Unlimited extensibility is an indisputable advantage of Virto Commerce. This means end-user solution developers can adapt or replace Virto Commerce modules with their own functionality. This adaptation can be done in an elegant and simple way without workarounds.
There are types of vendor-made extensions that guarantee 'seamless delivery'. Virto Commerce, however, guarantees that these extensions are sufficient to build an ecommerce solution of any complexity on top of it:
Virto Commerce supports declarative extensions through the admin interface and API to extend the data model, UI, and workflow processing.
In particular, Virto Commerce supports:
Dynamic properties: Extend entities, such as Cart, Order, Company, etc., with new properties.
Statuses: Enable implementing any workflow.
Role-based security and permissions: Restrict access for a user (API) based on their role. For example, if you want a user to only be able to call the Search products API, you can achieve that. In a similar way, you can allow a user to have access to the Orders API for a specific store, only.
These are traditional cloud-based extensions based on API calls and events (hooks). With such extensions, you can use any language or framework for integration and reactive programming.
Virto Commerce currently provides two types of API:
REST: Enables access to module business functionality, i.e. all CRUD operations and business logic are accessible via Rest API.
GraphQL: A new generation of Business API for client applications, it provides you with additional capabilities.
We also support two types of event providers:
- Webhooks: A good point for no development integration.
- Eventbus: Read for reactive programming and enterprise integrations.
This is an advanced mode of modular extensions. It is called native because it is a way how Virto Commerce is built internally.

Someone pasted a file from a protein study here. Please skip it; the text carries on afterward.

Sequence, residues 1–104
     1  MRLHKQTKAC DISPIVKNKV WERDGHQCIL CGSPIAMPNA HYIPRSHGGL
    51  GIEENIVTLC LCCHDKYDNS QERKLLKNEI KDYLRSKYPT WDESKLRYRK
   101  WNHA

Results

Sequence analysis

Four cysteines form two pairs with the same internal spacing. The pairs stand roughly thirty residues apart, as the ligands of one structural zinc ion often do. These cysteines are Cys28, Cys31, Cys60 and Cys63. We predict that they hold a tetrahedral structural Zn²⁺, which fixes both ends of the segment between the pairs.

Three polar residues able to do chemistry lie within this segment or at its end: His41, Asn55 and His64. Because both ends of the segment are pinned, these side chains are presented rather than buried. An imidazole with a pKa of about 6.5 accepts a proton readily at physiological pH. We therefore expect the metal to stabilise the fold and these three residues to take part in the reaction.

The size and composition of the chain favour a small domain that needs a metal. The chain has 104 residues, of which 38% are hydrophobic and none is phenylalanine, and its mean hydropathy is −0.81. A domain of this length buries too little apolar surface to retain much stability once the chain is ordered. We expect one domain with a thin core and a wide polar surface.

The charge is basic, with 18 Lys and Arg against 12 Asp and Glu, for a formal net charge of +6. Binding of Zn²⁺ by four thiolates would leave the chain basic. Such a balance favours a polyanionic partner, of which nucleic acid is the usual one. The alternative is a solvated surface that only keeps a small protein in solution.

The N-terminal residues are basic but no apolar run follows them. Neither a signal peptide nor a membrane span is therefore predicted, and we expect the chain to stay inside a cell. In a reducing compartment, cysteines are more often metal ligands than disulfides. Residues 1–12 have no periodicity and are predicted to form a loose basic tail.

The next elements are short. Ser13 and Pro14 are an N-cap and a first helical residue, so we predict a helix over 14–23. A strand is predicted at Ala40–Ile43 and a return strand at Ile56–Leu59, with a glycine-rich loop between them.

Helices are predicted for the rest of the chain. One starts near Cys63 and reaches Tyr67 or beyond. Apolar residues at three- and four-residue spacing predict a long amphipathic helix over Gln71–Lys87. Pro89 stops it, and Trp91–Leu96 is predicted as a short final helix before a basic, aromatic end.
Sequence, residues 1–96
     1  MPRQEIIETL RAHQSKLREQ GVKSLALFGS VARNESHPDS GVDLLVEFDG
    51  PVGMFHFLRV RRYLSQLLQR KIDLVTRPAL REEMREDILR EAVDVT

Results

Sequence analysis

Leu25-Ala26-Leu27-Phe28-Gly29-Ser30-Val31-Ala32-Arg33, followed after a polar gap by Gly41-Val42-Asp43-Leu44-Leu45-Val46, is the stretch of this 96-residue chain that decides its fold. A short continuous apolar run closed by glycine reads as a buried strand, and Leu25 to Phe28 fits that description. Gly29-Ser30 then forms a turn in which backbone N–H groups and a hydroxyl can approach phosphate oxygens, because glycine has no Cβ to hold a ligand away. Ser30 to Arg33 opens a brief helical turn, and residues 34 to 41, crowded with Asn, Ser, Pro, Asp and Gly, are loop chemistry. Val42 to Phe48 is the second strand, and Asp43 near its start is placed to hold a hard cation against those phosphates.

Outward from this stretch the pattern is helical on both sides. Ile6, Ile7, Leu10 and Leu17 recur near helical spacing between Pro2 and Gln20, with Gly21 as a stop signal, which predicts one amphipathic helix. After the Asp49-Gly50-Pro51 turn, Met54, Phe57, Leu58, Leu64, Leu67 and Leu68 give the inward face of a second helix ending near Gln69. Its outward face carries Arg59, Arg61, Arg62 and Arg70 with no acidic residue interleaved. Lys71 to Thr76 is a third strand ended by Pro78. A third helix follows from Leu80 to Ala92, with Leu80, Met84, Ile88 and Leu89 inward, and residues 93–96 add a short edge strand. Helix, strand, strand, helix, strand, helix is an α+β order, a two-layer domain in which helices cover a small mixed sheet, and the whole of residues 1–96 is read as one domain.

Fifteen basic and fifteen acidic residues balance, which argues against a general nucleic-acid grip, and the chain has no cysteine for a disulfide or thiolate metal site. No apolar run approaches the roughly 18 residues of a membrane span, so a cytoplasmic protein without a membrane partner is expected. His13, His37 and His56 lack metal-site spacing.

Virto Commerce creates a unique extension framework based on .NET extension and dependency injection. It enables extending default implementation for the unique needs of each business.
Moreover, it simplifies DevOps processes and optimizes performance.
Source code is available only for transparency purposes. Virto does not recommend extending the platform through the source code, as it may breach the continuous delivery functionality.
With a custom module, you can extend every layer:
- Admin UI.
- Business Logic.
You can revert back to the original state by uninstalling the extension.
For example, on the chart below, the Price module extension extends the default Virto Commerce Price module with the Recommended price property, with this new property being visible on every layer.
Why It Is Important Not to Modify Code You Do Not Own¶
Despite the fact Virto platform is an open-source project, you should at all times avoid direct modification into the source code of modules developed by third parties or VC team. You also should always follow the Open-Closed Principle (open for extensions and closed for modifications).
Here are some benefits you get by following our Extension concept and using Extensible points our platform provides for customizing your solution: